Now, color is a wacky thing. (Back in my day we shot in black and white, and we liked it! SNL? Dana Carvey? Anyone? No? Just me?...) With color, everything reads differently on different people. So a good rule of thumb is, if you look good in it in life, you will look good in it in a color photograph. That being said, if you have brown hair, and brown looks good on you – because it picks up the color in your hair – brown may not be a good color to shoot in because it compliments you rather than makes you pop. We’re going for the pop, people. (Do I sound like Tyra yet?) So, what I usually recommend is for you to bring a ton of stuff. Some people really get popped in pastels, some people really pop in jewel tone colors. I had a guy bring a bright orange shirt once, and I thought that’s gonna look terrible and he looked FANTASTIC on camera. I once had a girl bring three different red tops and only one of them looked good on her – one had too much blue in it, one had too much orange, etc. So you can see, even the slightest thing can make a color more right or wrong for you. I had a client once who had those amazing blue eyes – you know the kind that stop you in your tracks, and so everyone told him to wear blue all the time, to bring them out – but in a headshot, we found that wearing blue obscured his blue eyes, because there was so much blue in the picture already, that they didn’t stand out. When we put him in green, however, his eyes were the only thing blue in the shot, the green brought them out just fine, and his eyes just jumped off the page, and down the street, and now he’s blind, poor soul… Conversely, I have found that people with green eyes definitely pop better when wearing green.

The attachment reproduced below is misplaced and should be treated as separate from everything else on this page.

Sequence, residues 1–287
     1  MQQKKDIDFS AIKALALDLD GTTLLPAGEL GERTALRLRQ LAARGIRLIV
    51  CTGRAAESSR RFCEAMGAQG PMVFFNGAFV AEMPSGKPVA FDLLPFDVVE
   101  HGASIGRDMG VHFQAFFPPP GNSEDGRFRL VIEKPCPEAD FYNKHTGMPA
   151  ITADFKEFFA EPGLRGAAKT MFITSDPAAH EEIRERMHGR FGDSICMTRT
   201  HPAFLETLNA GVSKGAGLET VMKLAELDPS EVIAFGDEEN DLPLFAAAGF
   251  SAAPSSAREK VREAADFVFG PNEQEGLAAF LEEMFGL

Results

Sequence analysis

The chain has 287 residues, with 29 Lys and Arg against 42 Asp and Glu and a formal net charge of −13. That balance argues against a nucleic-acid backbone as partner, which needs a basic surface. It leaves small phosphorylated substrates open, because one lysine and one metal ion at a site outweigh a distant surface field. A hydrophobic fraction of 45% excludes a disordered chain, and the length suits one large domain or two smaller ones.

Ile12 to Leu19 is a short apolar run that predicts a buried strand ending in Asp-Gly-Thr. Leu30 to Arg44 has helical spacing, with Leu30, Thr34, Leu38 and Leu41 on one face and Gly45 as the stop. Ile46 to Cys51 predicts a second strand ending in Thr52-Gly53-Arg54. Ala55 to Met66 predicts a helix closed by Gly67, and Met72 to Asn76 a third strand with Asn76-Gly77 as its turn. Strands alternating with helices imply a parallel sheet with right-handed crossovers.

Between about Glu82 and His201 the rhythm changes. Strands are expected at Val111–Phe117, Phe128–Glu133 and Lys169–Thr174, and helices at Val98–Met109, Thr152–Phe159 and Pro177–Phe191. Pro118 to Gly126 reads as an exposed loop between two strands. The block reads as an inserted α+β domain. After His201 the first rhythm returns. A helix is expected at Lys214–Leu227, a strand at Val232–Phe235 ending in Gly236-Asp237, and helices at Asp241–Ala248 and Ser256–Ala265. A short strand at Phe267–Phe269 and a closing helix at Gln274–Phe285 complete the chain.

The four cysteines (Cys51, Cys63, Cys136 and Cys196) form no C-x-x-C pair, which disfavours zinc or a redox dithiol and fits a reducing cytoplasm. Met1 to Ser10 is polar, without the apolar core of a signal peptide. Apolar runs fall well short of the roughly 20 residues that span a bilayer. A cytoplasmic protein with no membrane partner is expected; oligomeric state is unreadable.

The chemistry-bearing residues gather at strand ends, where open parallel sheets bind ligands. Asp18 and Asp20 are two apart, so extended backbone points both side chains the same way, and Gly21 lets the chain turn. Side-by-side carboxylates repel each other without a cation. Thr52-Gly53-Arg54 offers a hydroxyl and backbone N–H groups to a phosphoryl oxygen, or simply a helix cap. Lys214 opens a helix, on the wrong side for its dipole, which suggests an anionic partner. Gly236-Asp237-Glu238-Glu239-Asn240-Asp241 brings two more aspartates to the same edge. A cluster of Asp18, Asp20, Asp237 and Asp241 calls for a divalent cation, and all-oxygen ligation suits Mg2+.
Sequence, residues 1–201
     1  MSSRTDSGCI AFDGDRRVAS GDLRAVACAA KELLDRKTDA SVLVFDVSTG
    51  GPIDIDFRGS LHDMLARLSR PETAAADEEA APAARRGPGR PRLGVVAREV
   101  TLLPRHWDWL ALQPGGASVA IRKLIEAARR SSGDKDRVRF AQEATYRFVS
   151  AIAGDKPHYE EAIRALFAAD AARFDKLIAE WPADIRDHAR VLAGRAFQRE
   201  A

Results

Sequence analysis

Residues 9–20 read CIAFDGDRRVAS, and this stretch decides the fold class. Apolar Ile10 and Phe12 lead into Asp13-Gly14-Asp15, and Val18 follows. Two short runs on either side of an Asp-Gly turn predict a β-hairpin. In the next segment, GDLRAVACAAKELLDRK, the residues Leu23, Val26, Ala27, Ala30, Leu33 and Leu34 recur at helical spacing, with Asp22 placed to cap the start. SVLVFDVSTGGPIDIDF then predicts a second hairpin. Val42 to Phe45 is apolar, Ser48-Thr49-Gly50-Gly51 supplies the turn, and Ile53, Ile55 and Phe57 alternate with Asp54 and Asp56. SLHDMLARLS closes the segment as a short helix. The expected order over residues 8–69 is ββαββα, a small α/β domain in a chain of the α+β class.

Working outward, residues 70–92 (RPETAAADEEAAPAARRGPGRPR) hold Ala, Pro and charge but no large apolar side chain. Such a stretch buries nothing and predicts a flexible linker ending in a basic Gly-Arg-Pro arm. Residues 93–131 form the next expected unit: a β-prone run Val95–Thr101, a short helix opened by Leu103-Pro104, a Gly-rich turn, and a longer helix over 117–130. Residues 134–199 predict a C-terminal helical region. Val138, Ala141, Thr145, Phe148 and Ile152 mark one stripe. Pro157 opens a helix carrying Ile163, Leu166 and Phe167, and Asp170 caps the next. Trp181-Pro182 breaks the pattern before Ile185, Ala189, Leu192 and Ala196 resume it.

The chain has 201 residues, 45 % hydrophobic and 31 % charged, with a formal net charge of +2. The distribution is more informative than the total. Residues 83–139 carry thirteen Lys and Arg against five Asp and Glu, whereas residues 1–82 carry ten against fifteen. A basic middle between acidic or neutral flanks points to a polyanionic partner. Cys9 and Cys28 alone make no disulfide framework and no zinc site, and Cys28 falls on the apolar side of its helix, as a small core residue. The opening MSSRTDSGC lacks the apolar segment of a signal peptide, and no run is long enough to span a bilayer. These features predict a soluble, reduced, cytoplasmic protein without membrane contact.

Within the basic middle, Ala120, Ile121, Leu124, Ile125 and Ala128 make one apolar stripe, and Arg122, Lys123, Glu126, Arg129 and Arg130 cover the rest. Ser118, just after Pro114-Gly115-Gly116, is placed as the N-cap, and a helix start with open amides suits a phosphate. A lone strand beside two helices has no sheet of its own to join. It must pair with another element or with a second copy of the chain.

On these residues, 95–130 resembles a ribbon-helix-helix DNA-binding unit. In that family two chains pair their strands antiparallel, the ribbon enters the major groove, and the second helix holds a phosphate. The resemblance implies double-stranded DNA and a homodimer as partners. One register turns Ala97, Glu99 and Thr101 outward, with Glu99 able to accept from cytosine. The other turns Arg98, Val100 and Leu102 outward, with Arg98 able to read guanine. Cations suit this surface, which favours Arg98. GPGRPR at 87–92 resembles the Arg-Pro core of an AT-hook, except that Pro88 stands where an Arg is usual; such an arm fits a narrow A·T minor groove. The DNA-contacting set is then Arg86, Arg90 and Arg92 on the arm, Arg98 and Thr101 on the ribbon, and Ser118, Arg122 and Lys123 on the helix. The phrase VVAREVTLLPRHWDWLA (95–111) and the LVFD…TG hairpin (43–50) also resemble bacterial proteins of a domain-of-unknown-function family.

So, please to bring a good variety of colors. I won’t be able to tell you what is going to work specifically for you until I see you in the light holding the shirt up to your chin.


There is no such thing as bringing too much stuff. I will be mad at you if you bring 4 tops, I won’t be mad at you if you bring 104 tops.


Also, keep in mind that if you wear something round necked, like a sweater set, tank top, t-shirt,
it will read lower status, sporty, ingenuey (yes it’s a word! Even if spell check doesn’t think so), young mom/dad. If you wear something with a collar, like a button down, a suit, a blouse, it will read higher status, like, maybe you have a job, like a secretary, or a lawyer, or doctor. So, again, bring a variety. No logos please.  Patterns can be okay depending on the pattern, so bring it and we'll make a game time call.  Plaid is fine. In fact, these days, plaid is ubiquitous. The 90s are back people. What you wear on the bottom doesn’t matter so much, I am mainly concerned with the colors that will be close to your face, so unless you are freakishly flexible, jeans, black pants, skirts, whatever is fine. Wear things that you would actually wear–things that make you feel crazy, sexy, cool. If you’re the kind of person who loves to wear overalls, bring your overalls. Tank tops, and turtlenecks are just fine–don’t let anybody tell you different.

Make-Up:


In order to help keep your headshot costs down, I include make-up. Huzzah! What that entails for men is basic blemish cover up and powder. What that entails for women is basic blemish cover up and powder, and what I like to call “make-up assist”. If you cannot recreate the hair or make-up in your headshot for an audition then you will not look like your headshot, so, I will have you do your eyes the way you would do them for an audition and then I will highlight and shadow you properly for camera making sure you are flawless and camera ready!  For examples of my make-up artistry check out my portfolio, I did everyone on the site. (Get your mind out of the gutter, I did their MAKE-UP)


Now, if you know that you would feel more comfortable with a professional hair and make-up artist I work with some GREAT people who I’d be happy to schedule for you (remember, the day is all about you feeling comfortable) but note, that an outside make-up artist will cost somewhere between $100 to $250 on top of your session fee. My three most favorite make up recommendations below:

  

Pre-Shoot Info

New York:












RougeNYC

www.rougeny.com

212.388.1717

appts@rougeny.com

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Chicago:












Nancy Vela

www.NancyVela.com

773.450.8733

nancy@nancyvela.com